They were on the edge of their seats. Students at the youth camp I spoke at this past weekend came ready to have fun, but more so to grow in Christ. From my first moment as their central speaker they were engaged, active and wanting to learn. They soaked up all I said, and while I would love to say it was because of my mad skills, I really think it was more that they came looking for more.
As I got to know them I was struck with how easy it is to judge a book by its cover. Most of these students came from small towns, suburban college towns and some would even say their home was “rural.” When I asked the question, “How many of you have grown up going to church?” most hands went into the air. All except a very small handful regularly attend a churched function now, after all this was a denominational event. There wasn’t a lot of multi-ethnicity in the group at all, and by “not a lot” I mean there was one bi-racial student. My point is that it would be easy to look at the sea of eagerness and make lots of assumptions.
Interacting with students at meals and free time I got to hear their stories. There was the girl who has all of the material items anyone could ask for, while she feels cast aside by her parents. Mom and Dad are divorced, and she never sees Dad at all. Mom just broke up with a boyfriend of 6 years and now is trying to “find herself.” There was the boy being raised by his grandparents because both of his parents are in jail. The young woman who was adopted by a family member at four because her birth Mom was a prostitute and dad was gone. The young man who lived across the street from drug dealers with his Mom’s third husband who was, “better than the other two guys.” They were so matter of fact about sharing details about their lives. Yet, below the surface I witnessed an ache that circumstances could be different.
One of the youth leaders shared that many of her students have parents in jail. While they live in a small town, it also happens to be a major stopping point on the drug route to Detroit. We live in an ever changing world where the other side of the tracks is now on our side of town. Churches are struggling as the community they once knew is a mix of churched, and unchurched with all of us on the messy side. I live in an inner city neighborhood so it often comes under scrutiny for it’s issues that make the news. Too many youth workers say to me, “Well you understand why your students are this way, but you don’t understand MY situation.” I wish this was true, but I also spend time working with students at a local Christian school. More of them come from what you call, “Good homes,” and yet they have the same issues as anyone in my hood. I think to navigate the current sea of students we have to do two things:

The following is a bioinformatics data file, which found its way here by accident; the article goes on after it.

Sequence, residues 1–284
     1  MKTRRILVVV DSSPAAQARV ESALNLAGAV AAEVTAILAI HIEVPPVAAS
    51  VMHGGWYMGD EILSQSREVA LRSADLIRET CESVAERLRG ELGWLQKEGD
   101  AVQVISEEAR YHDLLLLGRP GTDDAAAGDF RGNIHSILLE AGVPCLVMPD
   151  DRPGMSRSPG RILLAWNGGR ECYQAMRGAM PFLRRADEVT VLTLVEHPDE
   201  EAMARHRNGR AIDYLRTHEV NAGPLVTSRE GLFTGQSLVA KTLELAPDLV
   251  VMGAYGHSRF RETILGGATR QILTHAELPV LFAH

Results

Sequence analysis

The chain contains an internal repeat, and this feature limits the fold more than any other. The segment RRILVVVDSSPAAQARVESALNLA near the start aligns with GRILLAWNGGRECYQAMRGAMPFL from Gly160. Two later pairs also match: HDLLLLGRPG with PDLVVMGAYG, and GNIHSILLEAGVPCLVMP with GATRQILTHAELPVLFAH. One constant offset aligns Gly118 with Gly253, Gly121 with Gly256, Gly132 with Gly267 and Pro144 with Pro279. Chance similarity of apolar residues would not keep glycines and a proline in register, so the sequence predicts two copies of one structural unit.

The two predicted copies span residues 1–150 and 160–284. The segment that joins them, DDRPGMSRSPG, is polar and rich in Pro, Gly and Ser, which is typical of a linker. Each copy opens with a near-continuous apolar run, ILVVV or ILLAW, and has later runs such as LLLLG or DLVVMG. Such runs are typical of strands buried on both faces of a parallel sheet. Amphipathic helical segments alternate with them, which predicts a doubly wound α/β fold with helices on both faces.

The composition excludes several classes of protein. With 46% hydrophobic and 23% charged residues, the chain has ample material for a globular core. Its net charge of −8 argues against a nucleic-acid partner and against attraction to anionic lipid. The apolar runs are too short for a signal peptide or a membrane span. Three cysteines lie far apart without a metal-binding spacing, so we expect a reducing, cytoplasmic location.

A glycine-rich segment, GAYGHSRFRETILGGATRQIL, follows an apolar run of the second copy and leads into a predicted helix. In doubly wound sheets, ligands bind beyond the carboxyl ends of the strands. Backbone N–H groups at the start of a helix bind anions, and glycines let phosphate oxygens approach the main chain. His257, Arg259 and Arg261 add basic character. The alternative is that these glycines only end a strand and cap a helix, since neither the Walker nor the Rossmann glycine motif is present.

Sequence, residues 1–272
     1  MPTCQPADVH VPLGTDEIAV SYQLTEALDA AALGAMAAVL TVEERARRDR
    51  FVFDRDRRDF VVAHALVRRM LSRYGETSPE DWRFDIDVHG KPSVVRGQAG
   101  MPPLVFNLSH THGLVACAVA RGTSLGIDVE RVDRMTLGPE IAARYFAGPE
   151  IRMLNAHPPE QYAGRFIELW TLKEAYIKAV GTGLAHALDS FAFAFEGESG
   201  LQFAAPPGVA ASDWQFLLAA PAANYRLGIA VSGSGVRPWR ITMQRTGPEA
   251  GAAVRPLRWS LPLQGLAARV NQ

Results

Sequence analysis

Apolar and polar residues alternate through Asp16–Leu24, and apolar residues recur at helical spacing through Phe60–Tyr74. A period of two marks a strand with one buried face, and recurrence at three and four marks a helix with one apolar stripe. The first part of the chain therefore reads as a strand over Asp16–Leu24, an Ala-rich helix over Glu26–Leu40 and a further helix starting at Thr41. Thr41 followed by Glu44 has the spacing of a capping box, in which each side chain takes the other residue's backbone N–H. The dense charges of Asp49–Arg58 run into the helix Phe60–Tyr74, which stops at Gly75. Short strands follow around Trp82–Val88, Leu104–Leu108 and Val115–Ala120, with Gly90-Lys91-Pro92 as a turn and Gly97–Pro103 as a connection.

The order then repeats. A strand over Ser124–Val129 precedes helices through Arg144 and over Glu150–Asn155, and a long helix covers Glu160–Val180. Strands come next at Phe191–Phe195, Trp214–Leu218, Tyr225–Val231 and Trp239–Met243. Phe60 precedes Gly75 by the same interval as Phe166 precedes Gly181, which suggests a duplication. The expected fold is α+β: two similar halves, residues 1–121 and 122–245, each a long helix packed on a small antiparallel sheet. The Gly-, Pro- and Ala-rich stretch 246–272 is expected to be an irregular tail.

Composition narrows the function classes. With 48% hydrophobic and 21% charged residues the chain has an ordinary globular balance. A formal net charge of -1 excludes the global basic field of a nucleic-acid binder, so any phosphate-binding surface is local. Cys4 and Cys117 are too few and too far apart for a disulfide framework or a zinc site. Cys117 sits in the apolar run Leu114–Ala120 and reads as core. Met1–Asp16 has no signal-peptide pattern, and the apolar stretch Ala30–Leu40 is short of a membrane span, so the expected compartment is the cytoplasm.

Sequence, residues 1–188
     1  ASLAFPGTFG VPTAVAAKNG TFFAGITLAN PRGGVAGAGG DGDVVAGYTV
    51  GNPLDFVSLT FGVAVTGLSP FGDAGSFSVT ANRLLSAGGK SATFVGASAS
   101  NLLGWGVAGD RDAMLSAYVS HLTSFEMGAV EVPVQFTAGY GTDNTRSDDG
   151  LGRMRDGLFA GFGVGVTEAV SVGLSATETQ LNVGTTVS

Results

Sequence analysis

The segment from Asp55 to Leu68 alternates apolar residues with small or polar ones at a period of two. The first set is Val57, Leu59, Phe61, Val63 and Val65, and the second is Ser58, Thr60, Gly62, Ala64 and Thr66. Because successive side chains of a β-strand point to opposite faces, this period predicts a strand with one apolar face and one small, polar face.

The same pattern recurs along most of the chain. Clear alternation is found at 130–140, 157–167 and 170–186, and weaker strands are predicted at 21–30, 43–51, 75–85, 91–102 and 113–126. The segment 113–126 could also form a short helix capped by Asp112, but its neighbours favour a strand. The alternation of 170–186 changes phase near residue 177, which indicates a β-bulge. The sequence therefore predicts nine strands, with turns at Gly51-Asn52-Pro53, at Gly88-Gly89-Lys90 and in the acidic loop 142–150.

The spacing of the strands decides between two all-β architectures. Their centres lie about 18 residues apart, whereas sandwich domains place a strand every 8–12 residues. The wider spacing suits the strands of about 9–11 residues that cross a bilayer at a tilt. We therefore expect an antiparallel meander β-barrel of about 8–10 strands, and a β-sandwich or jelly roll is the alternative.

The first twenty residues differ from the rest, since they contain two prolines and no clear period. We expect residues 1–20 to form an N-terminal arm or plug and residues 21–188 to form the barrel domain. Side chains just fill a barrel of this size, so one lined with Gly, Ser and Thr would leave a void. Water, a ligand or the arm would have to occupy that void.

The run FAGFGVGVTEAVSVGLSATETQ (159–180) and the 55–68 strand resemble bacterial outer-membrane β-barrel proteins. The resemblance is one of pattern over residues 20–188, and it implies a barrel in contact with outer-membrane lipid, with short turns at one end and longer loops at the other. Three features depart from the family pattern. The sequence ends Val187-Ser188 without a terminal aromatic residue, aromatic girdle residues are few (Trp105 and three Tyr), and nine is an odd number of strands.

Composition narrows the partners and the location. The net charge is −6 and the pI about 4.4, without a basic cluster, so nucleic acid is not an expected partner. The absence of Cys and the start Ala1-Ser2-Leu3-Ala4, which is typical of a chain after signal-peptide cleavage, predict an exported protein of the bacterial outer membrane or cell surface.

Stop Thinking No One Else Understands
When you say to me, “ No one else gets it,” I understand your heart. You are really saying, “I am overwhelmed and isolated and I am not really sure what to do to help these kids.” In the youth min world we promote a picture that the “successful” are multi-site churches with families that are sort of with it. These are the ones that appear to only cater to kids from the with it families. This is simply not true. In my back yard I have one of those churches that makes the top 10 biggest lists annually. I have sat and chatted with various staff members. Their community has moved to include more depressed areas and they are trying out the church. I was recently asked, “How do we address parents that are cohabiting but not married?” The same problems are creeping in everywhere. We get caught up in the picture of the circumstances. Sin is sin no matter how you package it, and it is insideous. When we get stuck in “no one understands” the trouble is just that we get stuck. Let’s start asking others to go beyond the surface to the deeper heart. Perhaps the book has a different cover, but the words are the same.
Stop Pretending “This Isn’t Happening Here”
The issue isn’t that communities aren’t dealing with the same junk. The issue is that we want to think it’s an anomaly. Your students may come from homes full of all the stuff they could ever want. It doesn’t make it a healthy home. They may come from homes where they are being raised by their grandparents, it doesn’t mean they aren’t pursuing Christ. We need to constantly assess the community that is part of our church. It will change. Ten years ago one neighborhood I served in was primarily African American, today everything has changed. The names on the shops and the restaurants make it obvious it is a community of Mexican immigrants. Maybe it isn’t that drastic. It could just be that a developer put “affordable housing” across the street. It could be that it became that stop on the drug route. It could be it’s not in your church but in the houses in your backyard.
There are so many reasons why, but to do effective ministry we need to start being honest about our areas, churches, and people in our community. I think the question we really must ask is, “Do we want to see a generation transformed in Christ?” If we do, then we will do whatever it takes to help them see His face. This starts with understanding more of us are alike than we realize. Let’s stop saying, “That doesn’t happen here,” and start seeing the ways we connect. The more we can pull together, the more we can act like a body, the more we will be in awe of the way God shows up. Let’s remember that no matter how bleak or strange our student’s lives look, Jesus is no respecter of circumstances. He only wants to restore the ultimate broken relationship and He’ll do whatever it takes to make it happen.
What are you doing to embrace your own community?